Jackpot Ultra Feb 14, 2015 (Kev's story)
Heading into our first ever 12 hour timed event I was reasonably happy with where my running was at (though I most probably didn't run enough in the lead up to the race) but still a bit apprehensive as after all I was having to be on the move for 12 hours and have never done anything like this before.
As could be expected I don’t remember every detail from the race so here is a recap pulled from the memories I do have and my Garmin.
Gorgeously warm, blazing sunshine, walking around in a sleeveless shirt and shorts and it’s just turned 7:45am. There is not an inch of shade on the course and with 75 minutes to go before the start, something tells me the next 12 hours are going to be interesting…
But we’re here in Vegas to have fun so what better way to start the day than with showgirls?
After a quick pre-race speech from the RD we are off and running. My race strategy is fairly sketchy, the main concept being to keep my pace nice and easy early on.
I hit the 10k mark 1:05 into the race and whilst it’s very hot I’m still feeling really good and pleased I've been able to fight off my urges to run faster.
The 20k (2:17) and 30k (3:35) points come and go and I’m still fairly happy with how it’s going but the last 5k were certainly the slowest and I walked a good bit of it.
12:30 and all is not well; it’s damned hot so I make a brief stop at base camp to collect my hat, whilst we were hoping Vegas would be nice and warm I wasn't expecting or looking for a record high and scorching sun.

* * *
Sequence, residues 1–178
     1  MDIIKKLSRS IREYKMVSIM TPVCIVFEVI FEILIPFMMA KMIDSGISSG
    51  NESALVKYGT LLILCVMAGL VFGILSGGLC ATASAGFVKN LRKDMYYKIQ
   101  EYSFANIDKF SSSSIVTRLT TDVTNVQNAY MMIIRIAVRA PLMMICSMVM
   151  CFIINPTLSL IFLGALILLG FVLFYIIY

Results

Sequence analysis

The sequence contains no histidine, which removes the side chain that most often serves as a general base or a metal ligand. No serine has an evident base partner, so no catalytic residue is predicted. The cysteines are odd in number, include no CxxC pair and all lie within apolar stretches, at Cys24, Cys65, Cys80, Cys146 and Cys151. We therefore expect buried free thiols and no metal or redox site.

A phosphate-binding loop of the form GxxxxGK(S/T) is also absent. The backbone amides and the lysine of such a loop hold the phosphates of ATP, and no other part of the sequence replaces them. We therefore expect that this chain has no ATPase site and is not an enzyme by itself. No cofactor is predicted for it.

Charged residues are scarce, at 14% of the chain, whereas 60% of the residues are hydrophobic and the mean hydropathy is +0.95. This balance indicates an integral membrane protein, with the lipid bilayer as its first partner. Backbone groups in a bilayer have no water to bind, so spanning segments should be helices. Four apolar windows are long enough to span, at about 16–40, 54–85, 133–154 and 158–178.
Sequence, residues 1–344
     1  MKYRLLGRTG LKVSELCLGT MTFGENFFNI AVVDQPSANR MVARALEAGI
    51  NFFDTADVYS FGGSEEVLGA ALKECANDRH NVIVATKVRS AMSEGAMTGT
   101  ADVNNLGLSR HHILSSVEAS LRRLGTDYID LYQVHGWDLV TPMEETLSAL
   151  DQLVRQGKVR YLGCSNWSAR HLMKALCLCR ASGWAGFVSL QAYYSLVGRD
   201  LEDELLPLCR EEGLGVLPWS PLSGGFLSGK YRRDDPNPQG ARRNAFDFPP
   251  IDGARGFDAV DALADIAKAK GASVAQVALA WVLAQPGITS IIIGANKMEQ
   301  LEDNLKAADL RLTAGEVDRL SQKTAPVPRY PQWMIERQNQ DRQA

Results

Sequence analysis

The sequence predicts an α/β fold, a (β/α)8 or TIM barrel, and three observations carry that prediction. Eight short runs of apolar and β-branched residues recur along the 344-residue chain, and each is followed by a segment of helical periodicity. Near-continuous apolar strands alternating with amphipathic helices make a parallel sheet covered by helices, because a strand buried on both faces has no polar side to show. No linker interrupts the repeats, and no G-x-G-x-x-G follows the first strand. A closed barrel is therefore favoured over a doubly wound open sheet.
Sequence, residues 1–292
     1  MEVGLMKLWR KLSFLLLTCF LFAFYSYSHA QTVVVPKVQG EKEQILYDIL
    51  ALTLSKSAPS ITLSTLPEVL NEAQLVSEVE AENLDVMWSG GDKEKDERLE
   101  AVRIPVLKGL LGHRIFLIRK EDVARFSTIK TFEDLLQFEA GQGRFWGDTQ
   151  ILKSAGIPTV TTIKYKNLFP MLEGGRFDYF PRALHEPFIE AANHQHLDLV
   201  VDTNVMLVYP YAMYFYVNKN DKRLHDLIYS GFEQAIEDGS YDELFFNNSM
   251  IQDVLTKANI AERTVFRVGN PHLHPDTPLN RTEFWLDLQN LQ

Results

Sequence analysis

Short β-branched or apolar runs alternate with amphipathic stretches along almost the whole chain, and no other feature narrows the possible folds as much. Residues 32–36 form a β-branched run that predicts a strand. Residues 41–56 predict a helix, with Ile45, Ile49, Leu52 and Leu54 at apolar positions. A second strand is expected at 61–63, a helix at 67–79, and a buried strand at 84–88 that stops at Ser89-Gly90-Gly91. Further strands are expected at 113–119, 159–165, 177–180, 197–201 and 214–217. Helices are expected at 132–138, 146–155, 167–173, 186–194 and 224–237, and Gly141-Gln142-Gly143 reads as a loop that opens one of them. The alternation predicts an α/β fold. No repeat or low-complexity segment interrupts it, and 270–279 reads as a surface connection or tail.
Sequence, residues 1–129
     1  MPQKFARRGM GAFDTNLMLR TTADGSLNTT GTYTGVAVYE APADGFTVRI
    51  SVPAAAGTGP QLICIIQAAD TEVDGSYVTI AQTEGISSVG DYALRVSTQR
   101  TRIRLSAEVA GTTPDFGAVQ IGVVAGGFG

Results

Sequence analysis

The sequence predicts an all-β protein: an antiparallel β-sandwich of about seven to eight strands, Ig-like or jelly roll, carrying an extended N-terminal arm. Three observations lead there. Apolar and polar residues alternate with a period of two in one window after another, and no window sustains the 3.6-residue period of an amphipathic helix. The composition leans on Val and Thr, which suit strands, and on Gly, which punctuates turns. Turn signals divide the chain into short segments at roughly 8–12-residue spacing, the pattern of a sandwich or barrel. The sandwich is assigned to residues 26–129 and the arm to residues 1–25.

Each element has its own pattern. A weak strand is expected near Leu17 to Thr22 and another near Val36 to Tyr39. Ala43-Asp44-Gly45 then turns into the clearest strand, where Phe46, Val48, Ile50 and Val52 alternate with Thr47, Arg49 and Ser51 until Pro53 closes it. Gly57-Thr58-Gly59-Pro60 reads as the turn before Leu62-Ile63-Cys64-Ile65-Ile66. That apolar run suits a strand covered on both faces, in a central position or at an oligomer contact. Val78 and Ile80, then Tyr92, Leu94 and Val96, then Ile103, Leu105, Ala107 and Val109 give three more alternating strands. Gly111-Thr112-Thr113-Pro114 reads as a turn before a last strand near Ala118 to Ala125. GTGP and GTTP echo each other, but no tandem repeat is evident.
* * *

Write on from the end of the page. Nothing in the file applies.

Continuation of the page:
I walked the odd bit with Sue during the first 4 hours and we both decided it would be wise for us to take it easy over the next few hours and try and save some energy for when the sun starts to go down later on (many hours away yet unfortunately) in the day.
The next 10-15 kms are a mix of running and walking (based on my Garmin, more walking than I realized) and thinking back I believe this is where things started to go awry.
As with previous runs in intense heat/sun (Kauai, Maui, Calgary Marathon 2014) I find drinking Tailwind (my main source of energy and electrolytes for the race) doesn’t work too well for me. At some point around the 4 hour mark I decided to switch to plain water and make up the calories and electrolytes by trying actual food and gels. Sounds reasonable but I have trouble finding anything I enjoy eating and most attempts end up with stuff getting trashed rather than consumed.
From my watch I see I hit the marathon distance around 5:30 into the day, it was also somewhere around this time that I decided to sit down for 5 minutes and change my shoes, comfy Hokas here I come!
With these lovely pillows strapped to my feet I set off with a renewed sense of joy, however between the heat (will this sun ever go away?) and my increasing lack of energy (I’m over 6 hours in and should really be more concerned with my lack of fuelling at this point) my rejuvenated vitality doesn’t last too long and I’m back to slow running/walking after just 2kms. Stupidly I again put it down to being super-hot and tell myself all will be well in an hour or two. Sunset is around 5:30pm which still leaves 3.5 hours to make up lost time.